For uncomplicated acute appendicitis treatment with oral ant
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Patients with acute, uncomplicated appendicitis treated with oral antibiotics alone met the prespecified threshold for treatment success but failed to demonstrate non-inferiority relative to systemic antibiotics followed by oral antibiotics.

Antibiotics are an effective and safe alternative to appendectomy for managing uncomplicated acute appendicitis, but the optimal antibiotic regimen is not known. The objective of the study was to compare oral antibiotics versus combined intravenous followed by oral antibiotics in the management of computed tomography–confirmed uncomplicated acute appendicitis.

A total of 599 patients aged 18 to 60 years with computed tomography–confirmed uncomplicated acute appendicitis were enrolled in the trial. Patients randomized to receive oral monotherapy (n = 295) received oral moxifloxacin (400 mg/d) for 7 days. Patients randomized to receive intravenous antibiotics followed by oral antibiotics (n = 288) received intravenous ertapenem (1 g/d) for 2 days followed by oral levofloxacin (500 mg/d) and metronidazole (500 mg 3 times/d) for 5 days.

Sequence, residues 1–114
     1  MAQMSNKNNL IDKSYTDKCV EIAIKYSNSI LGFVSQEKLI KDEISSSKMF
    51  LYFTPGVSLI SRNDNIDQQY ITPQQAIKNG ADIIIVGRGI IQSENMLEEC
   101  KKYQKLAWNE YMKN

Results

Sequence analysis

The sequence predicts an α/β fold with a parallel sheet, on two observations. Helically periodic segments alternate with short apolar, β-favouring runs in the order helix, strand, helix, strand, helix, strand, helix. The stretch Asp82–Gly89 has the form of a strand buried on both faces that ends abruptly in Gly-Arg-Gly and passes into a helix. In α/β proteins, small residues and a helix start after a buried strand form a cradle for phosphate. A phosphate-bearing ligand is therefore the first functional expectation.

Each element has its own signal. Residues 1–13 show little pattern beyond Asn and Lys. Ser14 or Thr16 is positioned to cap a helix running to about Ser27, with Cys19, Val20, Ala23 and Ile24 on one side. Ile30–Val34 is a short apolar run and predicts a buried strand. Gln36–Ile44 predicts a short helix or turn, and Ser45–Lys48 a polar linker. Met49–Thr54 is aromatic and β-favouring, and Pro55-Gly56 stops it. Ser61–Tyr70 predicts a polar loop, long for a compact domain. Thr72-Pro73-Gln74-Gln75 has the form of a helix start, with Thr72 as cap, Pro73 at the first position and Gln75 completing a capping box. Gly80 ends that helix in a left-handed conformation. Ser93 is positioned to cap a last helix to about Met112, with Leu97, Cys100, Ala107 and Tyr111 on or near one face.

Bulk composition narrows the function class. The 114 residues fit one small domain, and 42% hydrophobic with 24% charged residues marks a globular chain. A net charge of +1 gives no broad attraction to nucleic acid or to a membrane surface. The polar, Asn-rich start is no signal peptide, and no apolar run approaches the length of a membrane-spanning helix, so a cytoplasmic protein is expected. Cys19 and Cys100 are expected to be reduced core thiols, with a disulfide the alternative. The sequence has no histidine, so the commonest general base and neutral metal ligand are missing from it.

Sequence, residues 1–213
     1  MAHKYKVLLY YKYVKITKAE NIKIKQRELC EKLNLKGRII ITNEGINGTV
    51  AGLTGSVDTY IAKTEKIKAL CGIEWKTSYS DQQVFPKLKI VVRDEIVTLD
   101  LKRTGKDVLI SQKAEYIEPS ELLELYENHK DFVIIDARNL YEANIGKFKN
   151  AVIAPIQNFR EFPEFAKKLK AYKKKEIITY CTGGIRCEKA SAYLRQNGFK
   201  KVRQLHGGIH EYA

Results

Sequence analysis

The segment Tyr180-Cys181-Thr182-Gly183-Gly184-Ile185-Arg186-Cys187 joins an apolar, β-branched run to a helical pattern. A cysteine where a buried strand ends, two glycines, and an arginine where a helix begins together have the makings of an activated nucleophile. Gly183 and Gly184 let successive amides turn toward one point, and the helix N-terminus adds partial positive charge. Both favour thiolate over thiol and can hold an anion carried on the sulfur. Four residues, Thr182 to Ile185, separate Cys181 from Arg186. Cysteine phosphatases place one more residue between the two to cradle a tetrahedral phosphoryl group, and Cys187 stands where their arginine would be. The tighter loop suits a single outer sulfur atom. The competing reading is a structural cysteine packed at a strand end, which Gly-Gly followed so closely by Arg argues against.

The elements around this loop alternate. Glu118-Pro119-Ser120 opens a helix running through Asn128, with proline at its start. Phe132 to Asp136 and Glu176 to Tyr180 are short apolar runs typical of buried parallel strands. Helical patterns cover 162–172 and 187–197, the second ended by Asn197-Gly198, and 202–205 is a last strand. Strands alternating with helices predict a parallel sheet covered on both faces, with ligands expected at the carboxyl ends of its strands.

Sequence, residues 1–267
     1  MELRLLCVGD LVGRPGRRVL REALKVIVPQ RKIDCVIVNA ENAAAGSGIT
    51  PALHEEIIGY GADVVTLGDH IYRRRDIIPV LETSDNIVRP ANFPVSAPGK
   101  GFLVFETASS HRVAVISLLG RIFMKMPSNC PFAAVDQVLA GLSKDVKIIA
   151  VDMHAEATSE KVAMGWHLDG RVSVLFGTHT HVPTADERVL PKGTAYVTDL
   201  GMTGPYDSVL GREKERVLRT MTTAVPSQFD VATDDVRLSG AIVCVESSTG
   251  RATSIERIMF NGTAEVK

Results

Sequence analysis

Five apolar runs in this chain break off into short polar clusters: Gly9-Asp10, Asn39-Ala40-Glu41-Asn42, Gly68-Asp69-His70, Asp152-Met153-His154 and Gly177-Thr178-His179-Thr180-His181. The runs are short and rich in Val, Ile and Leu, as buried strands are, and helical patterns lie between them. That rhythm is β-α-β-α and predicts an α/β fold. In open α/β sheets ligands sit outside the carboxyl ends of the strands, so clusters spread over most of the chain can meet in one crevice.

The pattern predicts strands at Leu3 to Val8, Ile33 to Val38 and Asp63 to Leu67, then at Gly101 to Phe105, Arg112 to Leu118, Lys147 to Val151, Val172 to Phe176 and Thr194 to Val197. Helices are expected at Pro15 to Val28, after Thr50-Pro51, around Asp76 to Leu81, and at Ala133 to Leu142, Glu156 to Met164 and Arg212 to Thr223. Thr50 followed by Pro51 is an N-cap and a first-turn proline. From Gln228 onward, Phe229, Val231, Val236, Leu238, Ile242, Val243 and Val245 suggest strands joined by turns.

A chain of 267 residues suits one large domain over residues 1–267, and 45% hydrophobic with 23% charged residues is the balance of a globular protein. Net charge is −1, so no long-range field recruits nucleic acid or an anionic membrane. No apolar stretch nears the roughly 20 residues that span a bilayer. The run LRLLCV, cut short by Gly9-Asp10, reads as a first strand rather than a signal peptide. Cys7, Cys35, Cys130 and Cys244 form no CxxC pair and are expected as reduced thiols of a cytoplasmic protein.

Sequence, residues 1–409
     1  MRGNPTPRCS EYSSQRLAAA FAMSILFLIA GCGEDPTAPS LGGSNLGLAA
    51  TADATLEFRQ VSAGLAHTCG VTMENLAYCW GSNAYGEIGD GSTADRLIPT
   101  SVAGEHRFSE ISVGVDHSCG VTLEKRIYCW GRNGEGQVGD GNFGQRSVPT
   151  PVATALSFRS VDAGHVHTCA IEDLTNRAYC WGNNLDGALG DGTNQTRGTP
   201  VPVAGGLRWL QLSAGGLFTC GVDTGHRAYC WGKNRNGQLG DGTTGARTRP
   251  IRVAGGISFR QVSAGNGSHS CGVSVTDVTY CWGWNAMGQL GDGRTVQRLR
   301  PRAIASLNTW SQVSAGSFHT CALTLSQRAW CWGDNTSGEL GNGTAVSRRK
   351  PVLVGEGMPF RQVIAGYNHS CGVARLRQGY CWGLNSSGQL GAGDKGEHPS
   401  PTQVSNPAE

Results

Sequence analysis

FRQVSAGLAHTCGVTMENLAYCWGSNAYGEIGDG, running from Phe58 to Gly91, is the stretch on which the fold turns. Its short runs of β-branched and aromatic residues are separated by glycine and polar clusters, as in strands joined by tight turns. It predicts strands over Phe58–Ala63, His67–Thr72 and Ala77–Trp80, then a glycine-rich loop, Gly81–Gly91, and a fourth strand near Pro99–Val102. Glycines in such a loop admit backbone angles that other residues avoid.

The primary endpoint was treatment success (65%) for both groups, defined as discharge from hospital without surgery and no recurrent appendicitis during a 1-year follow-up, and to determine whether oral antibiotics alone were non-inferior to intravenous and oral antibiotics.

The treatment success rate at 1 year was 70.2% for patients treated with oral antibiotics and 73.8% for patients treated with intravenous followed by oral antibiotics.

Conclusively, among adults with uncomplicated acute appendicitis, treatment with 7 days of oral moxifloxacin compared with 2 days of intravenous ertapenem followed by 5 days of levofloxacin and metronidazole resulted in treatment success rates greater than 65% in both groups but failed to demonstrate noninferiority for treatment success of oral antibiotics compared with intravenous followed by oral antibiotics.

JAMA Network
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